Wednesday, April 5, 2017

Letter from a Stranger

I write a weekly column for our local newspaper. It reflects a lot of content from this blog, except I try to remember to remove the cuss words and also  keep in mind that there is a high probability that my former teachers will read every word in print. No pressure. 

I’ve heard from several, quite random, individuals that they subscribe to the paper and enjoy my farm life perspective and the adventures I encounter as a farm wife. I very much appreciate that feedback from the paper’s urban audience, as I write with transparency to tell our story of a family in agriculture. I tend to believe that there are few other public columns that will admit that this week’s farm adventure is a mouse in the silverware drawer. 
Even though we have a barn cat that sleeps on our front step. 
Figure that one out. 

Anyway, I’ve also received really poor feedback about grammatical errors or my inaccurate telling of our lifestyle, but I don’t think that negativity deserves mentioning here. I buried that hatchet in the back yard out by the chicken coop along side our dear Shadow, God rest her skinny, strung out soul.

But the feedback I received Monday night tops them all.

Under a stack of cattle sale catalogs, insurance bills, vet invoices, Elder-Beerman advertisements and a single (gorgeous, sparkly) wedding invitation, rested this letter inside our mailbox.


Though the note was addressed quite vaguely, it was delivered by the rural postal service (two weeks after being time stamped), anyhow. I do love rural America. 

Mrs. Jones, an out-of-town Gazette subscriber, wrote to tell me that she finds my column quite interesting (is that like saying I'm special?) and she reads it each time I'm published. She also noted that she is 91 years old.

You can imagine my excitement here, folks. I had just opened a time machine in my mailbox!

The reason for her correspondence was to tell me a story about her mother drying clothes before the days of electric dryers. My column about the farmhouse register brought back some memories that she felt compelled to share. 


Early in the 3-page letter, she asked if I was Stephen’s daughter?
By the end of the letter, she had apparently talked herself out of her previous guess because she wondered if “Perhaps you’re Phillip’s daughter?” I’m certain this is why she wrote c/o Phillip Bowman on the envelope.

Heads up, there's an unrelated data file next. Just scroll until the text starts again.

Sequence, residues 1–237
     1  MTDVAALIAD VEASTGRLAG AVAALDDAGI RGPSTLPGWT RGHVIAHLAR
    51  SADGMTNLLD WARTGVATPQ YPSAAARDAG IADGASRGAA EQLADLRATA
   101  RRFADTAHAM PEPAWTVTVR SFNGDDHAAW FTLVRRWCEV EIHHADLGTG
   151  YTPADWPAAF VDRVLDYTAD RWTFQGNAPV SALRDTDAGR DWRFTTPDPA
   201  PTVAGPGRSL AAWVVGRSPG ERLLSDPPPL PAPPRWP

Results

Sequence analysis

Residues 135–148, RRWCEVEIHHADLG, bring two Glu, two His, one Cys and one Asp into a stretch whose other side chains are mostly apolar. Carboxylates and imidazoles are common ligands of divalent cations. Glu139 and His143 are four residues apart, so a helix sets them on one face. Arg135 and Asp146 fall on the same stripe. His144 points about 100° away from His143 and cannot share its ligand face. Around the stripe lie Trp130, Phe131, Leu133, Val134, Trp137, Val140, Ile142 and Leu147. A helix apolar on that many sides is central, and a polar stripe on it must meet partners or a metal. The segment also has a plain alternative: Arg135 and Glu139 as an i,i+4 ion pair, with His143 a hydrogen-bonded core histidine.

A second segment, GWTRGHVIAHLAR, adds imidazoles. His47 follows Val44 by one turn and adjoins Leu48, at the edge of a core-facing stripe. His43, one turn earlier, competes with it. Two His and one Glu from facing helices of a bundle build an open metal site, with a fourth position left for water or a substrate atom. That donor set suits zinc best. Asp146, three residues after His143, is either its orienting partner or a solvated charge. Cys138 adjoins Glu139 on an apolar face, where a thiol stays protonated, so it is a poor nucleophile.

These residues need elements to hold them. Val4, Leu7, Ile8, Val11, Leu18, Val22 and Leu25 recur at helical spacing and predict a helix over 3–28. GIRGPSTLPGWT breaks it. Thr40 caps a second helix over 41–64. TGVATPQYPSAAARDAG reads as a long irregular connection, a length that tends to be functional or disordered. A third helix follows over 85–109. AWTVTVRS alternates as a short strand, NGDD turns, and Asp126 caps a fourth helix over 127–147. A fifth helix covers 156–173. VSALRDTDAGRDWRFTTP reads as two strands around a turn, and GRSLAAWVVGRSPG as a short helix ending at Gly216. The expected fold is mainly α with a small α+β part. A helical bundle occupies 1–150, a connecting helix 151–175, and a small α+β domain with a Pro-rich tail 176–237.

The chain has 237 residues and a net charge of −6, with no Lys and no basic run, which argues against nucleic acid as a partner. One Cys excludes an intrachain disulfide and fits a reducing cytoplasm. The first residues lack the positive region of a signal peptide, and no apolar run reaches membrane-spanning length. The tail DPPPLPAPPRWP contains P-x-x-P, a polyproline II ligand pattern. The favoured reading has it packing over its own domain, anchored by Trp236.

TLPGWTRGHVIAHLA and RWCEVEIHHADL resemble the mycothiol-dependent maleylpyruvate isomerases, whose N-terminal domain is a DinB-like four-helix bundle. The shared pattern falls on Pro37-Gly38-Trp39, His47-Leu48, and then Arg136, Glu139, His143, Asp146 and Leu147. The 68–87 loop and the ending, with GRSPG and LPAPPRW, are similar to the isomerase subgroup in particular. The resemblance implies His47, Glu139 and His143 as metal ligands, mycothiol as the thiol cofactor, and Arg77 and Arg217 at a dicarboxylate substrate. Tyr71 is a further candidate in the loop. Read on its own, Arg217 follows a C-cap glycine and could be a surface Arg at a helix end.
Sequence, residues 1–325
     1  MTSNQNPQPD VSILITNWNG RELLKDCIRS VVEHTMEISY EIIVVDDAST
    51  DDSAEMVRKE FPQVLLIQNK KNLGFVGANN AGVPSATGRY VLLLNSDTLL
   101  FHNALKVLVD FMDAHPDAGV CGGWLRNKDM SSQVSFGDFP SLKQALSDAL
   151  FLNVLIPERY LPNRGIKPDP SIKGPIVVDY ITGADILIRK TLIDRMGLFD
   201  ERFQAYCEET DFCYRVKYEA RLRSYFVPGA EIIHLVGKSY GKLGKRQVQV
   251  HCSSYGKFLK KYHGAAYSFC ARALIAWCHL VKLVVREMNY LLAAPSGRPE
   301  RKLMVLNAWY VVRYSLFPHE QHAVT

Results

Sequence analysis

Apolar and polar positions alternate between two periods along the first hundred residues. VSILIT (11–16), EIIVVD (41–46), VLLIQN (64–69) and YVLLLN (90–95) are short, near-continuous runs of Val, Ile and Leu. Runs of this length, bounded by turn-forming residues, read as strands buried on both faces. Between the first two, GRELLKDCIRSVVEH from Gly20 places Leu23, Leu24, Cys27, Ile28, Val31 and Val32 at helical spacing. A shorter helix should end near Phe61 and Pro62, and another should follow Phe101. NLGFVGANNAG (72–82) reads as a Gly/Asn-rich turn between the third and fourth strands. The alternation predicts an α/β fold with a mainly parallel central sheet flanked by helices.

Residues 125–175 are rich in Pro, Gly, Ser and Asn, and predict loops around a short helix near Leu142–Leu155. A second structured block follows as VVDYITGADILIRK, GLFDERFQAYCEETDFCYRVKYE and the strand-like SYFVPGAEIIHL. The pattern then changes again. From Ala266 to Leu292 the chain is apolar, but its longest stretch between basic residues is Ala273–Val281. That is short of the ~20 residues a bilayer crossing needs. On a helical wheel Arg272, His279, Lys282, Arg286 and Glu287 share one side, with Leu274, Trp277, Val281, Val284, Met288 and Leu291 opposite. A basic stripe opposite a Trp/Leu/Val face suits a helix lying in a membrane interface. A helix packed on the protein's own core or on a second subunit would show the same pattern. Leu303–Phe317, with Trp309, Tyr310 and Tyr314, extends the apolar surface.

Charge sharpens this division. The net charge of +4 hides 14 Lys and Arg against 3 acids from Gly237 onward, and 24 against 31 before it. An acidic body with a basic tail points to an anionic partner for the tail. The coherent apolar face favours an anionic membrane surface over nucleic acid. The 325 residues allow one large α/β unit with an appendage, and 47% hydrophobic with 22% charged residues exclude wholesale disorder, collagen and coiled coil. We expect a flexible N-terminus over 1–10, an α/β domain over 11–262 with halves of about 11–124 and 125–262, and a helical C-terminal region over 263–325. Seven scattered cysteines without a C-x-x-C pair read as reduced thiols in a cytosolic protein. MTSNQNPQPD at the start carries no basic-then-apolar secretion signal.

I think it is important to note that I have not lived with my Dad (and mom), Phillip, in nine years, and four years before that I resided at Purdue. Also, my parents don’t even have an Economy address. In the spirit of small-town America, the letter arrived to our rural homestead, anyway. 

I assume she got my city and state correct because at the end of my column it always reads, “Lindsay Sankey resides outside Economy and raises Angus and Shorthorn cattle with her husband and daughter. She is the writer behind Jean’s Boots Are Made For Talking, www.jeansboots.blogspot.com.”

Mrs. Jones certainly pays attention to details.

This letter, though simple and scattered and maybe a bit shaky, is quite valuable because it came from someone who wanted to pass on encouragement to a stranger. 
For no reason, other than to pass on encouragement to a stranger. 
Because this lady took the time to sit down and write a letter to tell me that what I do makes a positive difference, I'll keep this note forever. 

And I will read it on the bad days. 


And so I challenge you 
(and by putting it in writing, I challenge myself) 
to write a letter to someone who 
has brought positivity into your life. 

Maybe someone at the gym
Maybe someone in the waiting room
Maybe someone you haven't talked to in years
Maybe someone at church
Maybe someone in your family
Maybe someone you do business with
Maybe someone you actually don't really care for
Maybe someone waiting on you behind the counter
Maybe someone at work
Maybe someone you've never actually met
There is no better time than now to let them know. 
Well, maybe yesterday. But now is a good time, too. 
Put it in writing that they are appreciated.

I will keep Mrs. Jones' heartfelt note forever.

And now that I know the 91-year-old is reading weekly, I’ll be TRIPLE checking to ensure that every cuss word is omitted from the weekly Gazette column. 


A detail worth passing on:
In her signature, Mrs. Jones put her maiden name in parenthesis. 
Some gals just have a hard time letting go of their daddy's name. 
I get it, Mrs. Jones, I get it. 

The best, 

Lindsay (Bowman) Sankey

3 comments:

  1. How WONDERFUL is that!! This gave me goose-bumps on so many levels: that this sweet lady took the time to write to you and let you know that you had triggered poignant memories for her. The fact that your postal worker KNEW where to send the letter. And just another reminder of your wonderful, precious, blessed life. I love you, Lindsay and am so proud you're one of 'our girls.'

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  2. What a sweet thing to find! I love letters but I fear letterwriting is a thing of the past. My grandmother would send them occasionally when there was something she didn't want to forget to share with me.

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  3. Kind of like the person who bought my supper at a meeting I attended on the evening of my dad's funeral.

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